Volunteer Writer: JJ Galindo
On September 13th, Sophia Wallace opened “Cliteracy: The Art of Intimate Justice,” a new art exhibit in the CVPA gallery, located on the building’s first floor.
In the exhibit, which runs until November 4th, women’s reproductive parts are presented in sculptures, paintings, and poetry. The exhibit follows the recent end of the federal right to safe abortions, through the overturning of Roe v. Wade.
Sophia Wallace, the artist behind it all, is from New York City and is well known for her conceptual art and photography.
The exhibit features inflatable, ceramic, and metal clitoric sculptures, as well as patterned textiles, massive text murals, and neon lights.
A short documentary on Sophia Wallace’s work and social issues that focus on gender equality is also featured at the end of the exhibit called, “Until She is Free”. It was created by Maria Finitzo to expose the viewer to what issues women face in society and what can be done to even the playing field between the sexes.
Lily McGuirk, a curator of the art gallery, says that she “feel[s] proud of the exhibit, being a woman” and that “art can be up for interpretation… and [the wall of quotes] has so much vital information on it that amplifies the amount of awareness created by [the exhibit].”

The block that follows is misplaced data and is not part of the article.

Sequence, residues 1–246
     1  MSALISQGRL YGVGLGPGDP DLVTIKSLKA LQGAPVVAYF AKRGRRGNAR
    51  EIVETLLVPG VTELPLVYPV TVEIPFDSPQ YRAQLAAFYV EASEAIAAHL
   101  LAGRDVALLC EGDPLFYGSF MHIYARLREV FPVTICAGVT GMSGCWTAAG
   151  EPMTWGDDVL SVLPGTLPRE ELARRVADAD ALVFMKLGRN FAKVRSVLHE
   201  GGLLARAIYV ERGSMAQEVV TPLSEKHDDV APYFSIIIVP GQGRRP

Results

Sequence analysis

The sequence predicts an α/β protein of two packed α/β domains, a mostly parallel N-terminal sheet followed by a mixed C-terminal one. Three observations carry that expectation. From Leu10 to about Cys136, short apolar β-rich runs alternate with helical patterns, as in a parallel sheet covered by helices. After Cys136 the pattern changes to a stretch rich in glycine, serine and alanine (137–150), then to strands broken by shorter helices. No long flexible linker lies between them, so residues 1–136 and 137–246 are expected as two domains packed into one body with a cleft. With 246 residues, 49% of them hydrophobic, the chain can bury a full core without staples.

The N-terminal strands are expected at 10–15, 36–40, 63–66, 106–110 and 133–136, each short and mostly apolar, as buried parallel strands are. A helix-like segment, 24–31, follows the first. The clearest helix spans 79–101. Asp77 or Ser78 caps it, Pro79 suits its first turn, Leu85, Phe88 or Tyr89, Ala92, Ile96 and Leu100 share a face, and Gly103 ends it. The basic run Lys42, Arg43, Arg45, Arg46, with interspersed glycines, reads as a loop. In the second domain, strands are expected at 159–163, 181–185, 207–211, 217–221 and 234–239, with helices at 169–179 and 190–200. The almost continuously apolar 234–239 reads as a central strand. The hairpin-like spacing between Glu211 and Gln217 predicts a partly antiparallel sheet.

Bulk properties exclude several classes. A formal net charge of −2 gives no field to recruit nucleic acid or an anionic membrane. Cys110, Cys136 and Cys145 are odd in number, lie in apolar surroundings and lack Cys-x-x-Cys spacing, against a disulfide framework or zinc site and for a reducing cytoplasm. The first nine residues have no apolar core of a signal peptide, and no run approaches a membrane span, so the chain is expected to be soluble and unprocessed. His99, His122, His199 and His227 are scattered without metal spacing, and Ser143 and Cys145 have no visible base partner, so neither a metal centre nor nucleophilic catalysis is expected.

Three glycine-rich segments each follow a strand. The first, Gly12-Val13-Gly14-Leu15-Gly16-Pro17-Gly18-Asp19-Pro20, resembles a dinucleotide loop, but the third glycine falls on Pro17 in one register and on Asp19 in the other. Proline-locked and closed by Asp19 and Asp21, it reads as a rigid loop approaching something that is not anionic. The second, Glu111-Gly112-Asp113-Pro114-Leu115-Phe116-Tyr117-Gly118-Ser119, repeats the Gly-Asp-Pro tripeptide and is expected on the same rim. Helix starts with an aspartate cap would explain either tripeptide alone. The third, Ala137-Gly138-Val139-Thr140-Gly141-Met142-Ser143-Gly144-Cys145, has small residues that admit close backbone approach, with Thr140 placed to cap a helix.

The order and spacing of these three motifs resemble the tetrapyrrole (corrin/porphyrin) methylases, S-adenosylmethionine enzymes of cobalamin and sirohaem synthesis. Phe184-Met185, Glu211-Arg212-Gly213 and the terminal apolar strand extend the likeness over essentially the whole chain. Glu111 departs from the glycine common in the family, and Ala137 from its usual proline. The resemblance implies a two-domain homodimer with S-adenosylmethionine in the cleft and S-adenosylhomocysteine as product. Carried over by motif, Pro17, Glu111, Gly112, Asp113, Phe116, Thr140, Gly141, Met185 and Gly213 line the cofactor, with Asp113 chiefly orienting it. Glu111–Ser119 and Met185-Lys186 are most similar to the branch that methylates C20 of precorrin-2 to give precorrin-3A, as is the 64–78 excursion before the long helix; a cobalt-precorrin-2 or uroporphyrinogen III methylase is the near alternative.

The curator hopes to bring awareness to students by discussing sex and bodily autonomy and teaching them not to fear the human body.
The idea of “Cliteracy” also teaches the viewer how generations of hiding and fearing the clitoris have allowed for sexual violence, mutilation, and removal of reproductive rights.
Aidan Theobald, a freshman at UMass Dartmouth, said that the exhibit made him feel “a little uncomfortable being in the exhibit… it’s not what I’m used to.” This is the exact reaction that the artist hoped to invoke.
Putting people into an uncomfortable situation seems to be the intent of this art, as CVPA student Quinn Brophy put it, “It’s not taboo to talk about penises… it is often the butt of jokes but once the menstrual cycle is mentioned or giving birth, it’s looked at as a very gross subject… on the other hand a woman is looked at as an object of desire.”
The point of view from both male and female students varies greatly, but it goes to show how much can still be learned about sensitive topics.
“There is a lack of education around it as it is seen as a touchy subject”, said Quinn, emphasizing the need for awareness and de-sensitivity to the topic.
Sophia Wallace will be giving a lecture in the UMass Dartmouth Library’s Grand Reading Room on October 25th to talk about her exhibit and it will remain on display until November 4th.